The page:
Whether you’re an adventurous person, a DIY expert or simply a persnickety home buyer, the thought of building your own home might be a thrilling prospect. After all, when you choose to build your own abode, you get to call all the shots. That means you can determine the precise layout, dictate the exact number and type of rooms, handpick all the finishes and even add an indoor pool, an aquarium wall or a stairway slide, for that matter.
While building a one-of-a-kind home from the ground up may sound exciting, financing such a major undertaking is an entirely different story. Obviously, the majority of home buyers don’t have enough money tucked away to cover the construction costs of their custom home – which means they’re going to need a loan. Unfortunately, landing a loan for a self-build project is easier said than done.
- If you’re considering building your own home, here are a few things to keep in mind as you search for a loan.
- Many people desire to build their own dream home rather than purchase an existing property - but a traditional mortgage won't help you with that dream.
- A construction mortgage is a loan borrowed to finance the construction of a home and typically only interest is paid during the construction period.
- The money is advanced incrementally during construction, as construction progresses.
- Once the construction is over, the loan amount becomes due and it becomes a normal mortgage.
A Standard Mortgage Loan Won’t Do the Trick
For buyers purchasing an existing home, it’s relatively easy to get approved for a conventional mortgage, as long as they have good credit and reliable income. On the other hand, it’s virtually impossible to score traditional financing when you’re building your own home. Why? Think of it this way: you’re basically asking the lender to shell out money for something that doesn’t exist yet. To make matters worse, construction is a risky process, and lenders don’t like risk.
Seek out a Construction Loan
If you plan to self-build, you’ll need to pursue more specialized financing avenues. Enter the construction loan. Sometimes called a self-build loan or construction mortgage, a construction loan is typically a short-term loan (usually the one-year maximum) used to cover the cost of building your home.
These loans generally have variable rates that are higher than traditional mortgage loan rates. Once construction on your house is completed, you can either refinance the construction loan into a permanent mortgage or get a new loan to pay off the construction loan (sometimes called the “end loan.”)
Get Ready to Lay Lots of Groundwork
As you gear up to apply for a construction mortgage, you should probably do some serious stretching. These loans require a ton of legwork on the borrower’s part. You’ll need to jump through numerous hoops to prove your home-building project is real, viable and relatively low-risk for the lender.
For most construction loan applications, you’ll need to provide the lender with a project timetable and a realistic budget. You’ll also need to supply a comprehensive list of construction details, including everything from floor plans and the type of building materials to insulation and ceiling heights. (Experienced builders typically create a “blue book” that includes all of these details for a home-building project.)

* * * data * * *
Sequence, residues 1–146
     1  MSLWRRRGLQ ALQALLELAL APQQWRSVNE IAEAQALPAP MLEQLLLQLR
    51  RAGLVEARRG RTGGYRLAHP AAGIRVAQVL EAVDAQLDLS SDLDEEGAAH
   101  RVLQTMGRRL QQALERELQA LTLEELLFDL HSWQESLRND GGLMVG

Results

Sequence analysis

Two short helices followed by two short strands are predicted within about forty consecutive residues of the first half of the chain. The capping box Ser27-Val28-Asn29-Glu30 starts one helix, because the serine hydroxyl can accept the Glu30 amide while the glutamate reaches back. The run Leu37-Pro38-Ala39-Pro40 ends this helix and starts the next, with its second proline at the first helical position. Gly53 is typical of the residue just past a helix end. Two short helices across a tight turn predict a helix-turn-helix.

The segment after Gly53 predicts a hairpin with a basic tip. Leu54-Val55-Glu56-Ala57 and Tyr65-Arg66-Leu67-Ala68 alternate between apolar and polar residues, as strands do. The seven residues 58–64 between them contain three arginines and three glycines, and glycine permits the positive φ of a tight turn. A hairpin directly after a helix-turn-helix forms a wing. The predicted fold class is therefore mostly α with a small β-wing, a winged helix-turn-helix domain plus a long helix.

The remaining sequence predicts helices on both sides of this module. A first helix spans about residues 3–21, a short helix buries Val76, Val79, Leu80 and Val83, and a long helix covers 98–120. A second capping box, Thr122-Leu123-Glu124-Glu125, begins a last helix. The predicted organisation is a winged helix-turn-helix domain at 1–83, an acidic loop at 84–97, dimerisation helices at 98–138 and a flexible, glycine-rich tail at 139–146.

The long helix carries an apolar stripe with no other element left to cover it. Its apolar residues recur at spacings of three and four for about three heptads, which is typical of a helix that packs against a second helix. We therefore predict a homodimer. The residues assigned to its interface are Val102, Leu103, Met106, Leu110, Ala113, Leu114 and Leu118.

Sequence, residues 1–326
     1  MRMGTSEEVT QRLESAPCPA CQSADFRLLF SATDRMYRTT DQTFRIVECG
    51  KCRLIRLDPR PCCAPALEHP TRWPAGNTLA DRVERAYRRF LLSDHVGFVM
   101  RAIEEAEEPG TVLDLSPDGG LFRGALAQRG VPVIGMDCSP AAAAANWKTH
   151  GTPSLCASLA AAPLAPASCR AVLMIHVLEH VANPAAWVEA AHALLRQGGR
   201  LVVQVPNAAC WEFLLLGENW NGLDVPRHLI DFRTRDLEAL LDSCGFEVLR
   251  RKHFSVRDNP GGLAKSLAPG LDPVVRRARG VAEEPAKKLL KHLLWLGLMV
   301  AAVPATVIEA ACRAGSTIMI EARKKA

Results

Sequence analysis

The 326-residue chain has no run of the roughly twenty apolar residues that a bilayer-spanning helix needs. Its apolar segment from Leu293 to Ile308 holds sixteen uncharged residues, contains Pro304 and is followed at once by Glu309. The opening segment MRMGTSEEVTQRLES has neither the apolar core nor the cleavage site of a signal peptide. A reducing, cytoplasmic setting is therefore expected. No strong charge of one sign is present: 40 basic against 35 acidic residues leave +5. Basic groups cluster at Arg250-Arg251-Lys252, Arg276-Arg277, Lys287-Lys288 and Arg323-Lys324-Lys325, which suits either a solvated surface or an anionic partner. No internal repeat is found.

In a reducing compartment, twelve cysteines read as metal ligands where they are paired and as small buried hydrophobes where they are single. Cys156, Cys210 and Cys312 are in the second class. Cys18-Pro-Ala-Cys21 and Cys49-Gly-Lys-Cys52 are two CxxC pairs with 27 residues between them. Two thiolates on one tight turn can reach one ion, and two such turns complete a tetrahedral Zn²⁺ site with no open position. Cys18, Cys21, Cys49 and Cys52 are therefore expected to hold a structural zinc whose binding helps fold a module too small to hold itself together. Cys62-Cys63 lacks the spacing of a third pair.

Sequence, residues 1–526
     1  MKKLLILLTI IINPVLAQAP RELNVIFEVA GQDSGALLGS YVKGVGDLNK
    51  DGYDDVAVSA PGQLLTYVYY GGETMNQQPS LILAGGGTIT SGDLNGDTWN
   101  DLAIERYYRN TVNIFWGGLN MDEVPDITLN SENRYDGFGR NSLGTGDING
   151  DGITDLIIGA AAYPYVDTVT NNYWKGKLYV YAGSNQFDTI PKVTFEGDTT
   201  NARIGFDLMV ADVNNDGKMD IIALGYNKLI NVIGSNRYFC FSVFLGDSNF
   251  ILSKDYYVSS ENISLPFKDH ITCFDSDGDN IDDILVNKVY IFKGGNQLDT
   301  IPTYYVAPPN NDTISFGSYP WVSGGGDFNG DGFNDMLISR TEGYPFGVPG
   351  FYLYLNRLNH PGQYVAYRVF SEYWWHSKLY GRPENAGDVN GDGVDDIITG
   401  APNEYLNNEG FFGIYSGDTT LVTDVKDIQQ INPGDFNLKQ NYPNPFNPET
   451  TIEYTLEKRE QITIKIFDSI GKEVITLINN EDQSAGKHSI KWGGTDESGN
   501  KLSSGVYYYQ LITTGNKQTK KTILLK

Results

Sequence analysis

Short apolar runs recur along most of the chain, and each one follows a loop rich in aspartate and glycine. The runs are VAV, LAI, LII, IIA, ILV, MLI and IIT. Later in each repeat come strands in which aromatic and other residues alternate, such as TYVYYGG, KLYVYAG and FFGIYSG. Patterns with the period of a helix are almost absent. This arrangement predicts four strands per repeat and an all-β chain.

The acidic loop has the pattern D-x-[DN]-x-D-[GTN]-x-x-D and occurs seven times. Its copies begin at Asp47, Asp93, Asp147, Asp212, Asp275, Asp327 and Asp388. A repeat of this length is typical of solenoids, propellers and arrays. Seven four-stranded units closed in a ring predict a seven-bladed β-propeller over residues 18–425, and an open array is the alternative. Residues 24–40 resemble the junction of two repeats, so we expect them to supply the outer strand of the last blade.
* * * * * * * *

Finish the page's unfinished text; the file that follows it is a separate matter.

Prepare for a Sizeable Down Payment
At a minimum, most lenders require a 20% down payment on a construction loan, and some require as much as 25%. Why are the down payment requirements so high? Because construction loans are viewed as “higher risk” than a traditional mortgage loan, and the lender wants to ensure you don’t walk away from the project.
Know Where You Land
If you don’t already own the lot where you plan to build, the cost of the land will need to be included in the overall amount of the construction loan. If it’s financially possible, try to pay for the land upfront. Otherwise, you’re going to have to make a much larger down payment to qualify for the construction loan.
Work With a Qualified Builder
To gain approval for a construction loan, you’ll need to prove you have a qualified builder involved in the project. A qualified builder is usually defined as a licensed general contractor with an established home-building reputation.
If you intend to act as your own general contractor or build the home yourself, this presents a unique challenge – and you likely will not be approved for a standard construction loan. In this scenario, you may want to turn your search to owner-builder construction loans. In today’s housing market, it can be tough to qualify for these types of loans; but it is possible if you provide a well-researched construction plan that demonstrates your home-building knowledge and abilities. Don't forget a contingency fund for unexpected surprises.
The Bottom Line
While building your own home from the ground up can be an extremely rewarding process, landing a construction loan is no walk in the park. To increase your chances for approval, put together a detailed project plan, get a qualified home builder involved and save up enough money for a large down payment before you apply.